'An interlocutory or permanent injunction restraining the enforcement, operation or execution of any State statute by restraining the action of any officer of such State in the enforcement or execution of such statute or of an order made by an administrative board or commission acting under State statutes, shall not be granted by any district court or judge thereof upon the ground of the unconstitutionality of such statute unless the application therefor is heard and determined by a district court of three judges under section 2284 of this title.'
The literal language of this statute requires the convention of a three judge court only when the defendants are state officers. It applies only when plaintiff seeks an injunction 'restraining the enforcement, operation or execution of any State statute by restraining the action of any officer of such state'.
The Supreme Court has held that the language of this statute is to be literally followed. A three judge court is required only when state officers are defendants; a three judge court is not required where an action is brought against local officers who are enforcing a local ordinance.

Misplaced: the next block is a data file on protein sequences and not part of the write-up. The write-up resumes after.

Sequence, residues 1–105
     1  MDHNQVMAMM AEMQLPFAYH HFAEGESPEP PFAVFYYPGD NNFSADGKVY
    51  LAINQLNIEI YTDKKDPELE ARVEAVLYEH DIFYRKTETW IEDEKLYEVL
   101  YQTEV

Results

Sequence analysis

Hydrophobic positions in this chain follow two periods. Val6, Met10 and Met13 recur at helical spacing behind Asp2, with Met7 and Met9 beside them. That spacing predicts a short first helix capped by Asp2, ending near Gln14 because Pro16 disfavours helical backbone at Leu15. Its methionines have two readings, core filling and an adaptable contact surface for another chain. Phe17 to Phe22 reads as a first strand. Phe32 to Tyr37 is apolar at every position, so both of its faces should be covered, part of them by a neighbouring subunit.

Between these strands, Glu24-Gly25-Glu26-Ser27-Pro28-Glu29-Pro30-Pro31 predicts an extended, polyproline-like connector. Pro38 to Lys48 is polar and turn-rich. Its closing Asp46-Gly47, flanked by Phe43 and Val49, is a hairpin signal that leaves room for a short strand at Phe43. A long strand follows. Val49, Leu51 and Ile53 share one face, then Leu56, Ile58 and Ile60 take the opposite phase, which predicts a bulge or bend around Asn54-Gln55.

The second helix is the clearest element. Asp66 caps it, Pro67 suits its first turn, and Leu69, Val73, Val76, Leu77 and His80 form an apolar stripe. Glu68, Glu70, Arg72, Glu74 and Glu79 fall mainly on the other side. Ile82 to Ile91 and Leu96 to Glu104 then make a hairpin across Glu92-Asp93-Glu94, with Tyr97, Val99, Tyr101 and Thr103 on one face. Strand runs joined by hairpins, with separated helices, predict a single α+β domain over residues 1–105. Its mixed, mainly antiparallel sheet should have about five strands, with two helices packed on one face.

A decision directly in point is Ex parte Collins, 277 U.S. 565, 48 S.Ct. 585, 72 L.Ed. 990 (1928). In that case, an Arizona statute provided that municipalities could finance improvements by issuing bonds to be paid off by taxing owners of property abutting the improvements. The City of Phoenix, pursuant to the statute, assessed plaintiff's property to pay for certain improvements. Plaintiff brought suit against Phoenix city officials. A district judge refused to request the convention of a three judge court. Plaintiff petitioned the Supreme Court for leave to file a writ of mandamus directing the district judge to appoint two additional judges to sit with him. The Supreme Court held the district judge's refusal to convene the three judge court was correct since only the enforcement of municipal action by municipal officials was involved.